Intercultural Learning in Non-Formal Education - Theoretical Frameworks and Starting Points

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The terms “formal”, “non-formal” and “informal education” have given rise to a fair amount of debate in the last 20 years owing to their non-exclusive nature and the difficulty involved in providing an adequate explanation of the educational processes that take place in our society. The term “non-formal education” appeared for the first time at the end of the 1970s when there began to be talk of a “global education crisis” in formal education systems. In our study we are going to focus on the principles and characteristics of non-formal education in training activities with young people, as established by the European Commission and the Council of Europe. These are as follows: • voluntary and self-organised character of learning, • intrinsic motivation of participants, • close link to young people’s interests and aspirations, • participative and learner-centred approach, • supportive learning environment, • open character and structure, transparency and flexibility of the underlying curricular construction, Intercultural learning in non-formal education • preparation and staging of activities with a professional attitude, regardless of whether the activity is run by professional or voluntary youth workers and trainers, • evaluation of success and failure in a collective process and without judgment on individual success or failure, • sharing of results with the interested public and planned follow-up.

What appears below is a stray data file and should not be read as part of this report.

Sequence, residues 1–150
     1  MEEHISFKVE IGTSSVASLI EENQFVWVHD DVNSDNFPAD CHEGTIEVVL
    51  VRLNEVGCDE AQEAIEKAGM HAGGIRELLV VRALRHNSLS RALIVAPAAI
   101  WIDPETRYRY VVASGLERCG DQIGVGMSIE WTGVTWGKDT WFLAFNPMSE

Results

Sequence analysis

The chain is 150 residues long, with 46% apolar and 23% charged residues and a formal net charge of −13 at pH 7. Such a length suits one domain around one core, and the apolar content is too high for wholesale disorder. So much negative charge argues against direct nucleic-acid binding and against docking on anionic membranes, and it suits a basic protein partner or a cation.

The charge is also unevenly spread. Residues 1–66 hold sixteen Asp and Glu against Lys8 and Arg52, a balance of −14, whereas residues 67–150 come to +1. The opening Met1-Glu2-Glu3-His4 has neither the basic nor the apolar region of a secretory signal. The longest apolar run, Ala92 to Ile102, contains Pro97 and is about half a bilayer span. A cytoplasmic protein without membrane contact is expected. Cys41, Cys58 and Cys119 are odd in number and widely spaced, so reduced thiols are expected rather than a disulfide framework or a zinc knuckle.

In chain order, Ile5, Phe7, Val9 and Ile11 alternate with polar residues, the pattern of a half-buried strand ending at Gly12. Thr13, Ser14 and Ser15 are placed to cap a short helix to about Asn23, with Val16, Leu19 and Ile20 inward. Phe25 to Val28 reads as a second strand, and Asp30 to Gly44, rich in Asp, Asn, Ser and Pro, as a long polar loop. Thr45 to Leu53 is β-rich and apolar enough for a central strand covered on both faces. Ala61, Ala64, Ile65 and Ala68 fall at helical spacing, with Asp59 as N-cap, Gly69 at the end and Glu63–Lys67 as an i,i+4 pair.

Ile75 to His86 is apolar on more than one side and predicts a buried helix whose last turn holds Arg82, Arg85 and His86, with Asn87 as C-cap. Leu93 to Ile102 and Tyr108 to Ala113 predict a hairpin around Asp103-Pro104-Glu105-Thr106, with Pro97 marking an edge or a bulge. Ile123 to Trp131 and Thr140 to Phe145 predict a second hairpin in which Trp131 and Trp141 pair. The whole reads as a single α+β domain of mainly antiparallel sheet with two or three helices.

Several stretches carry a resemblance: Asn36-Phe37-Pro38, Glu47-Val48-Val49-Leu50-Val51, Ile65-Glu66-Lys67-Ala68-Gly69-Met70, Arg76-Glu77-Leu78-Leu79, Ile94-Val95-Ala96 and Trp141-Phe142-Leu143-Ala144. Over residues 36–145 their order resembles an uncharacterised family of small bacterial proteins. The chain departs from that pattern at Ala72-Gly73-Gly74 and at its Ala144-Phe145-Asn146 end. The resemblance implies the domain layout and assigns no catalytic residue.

Susana Lafraya

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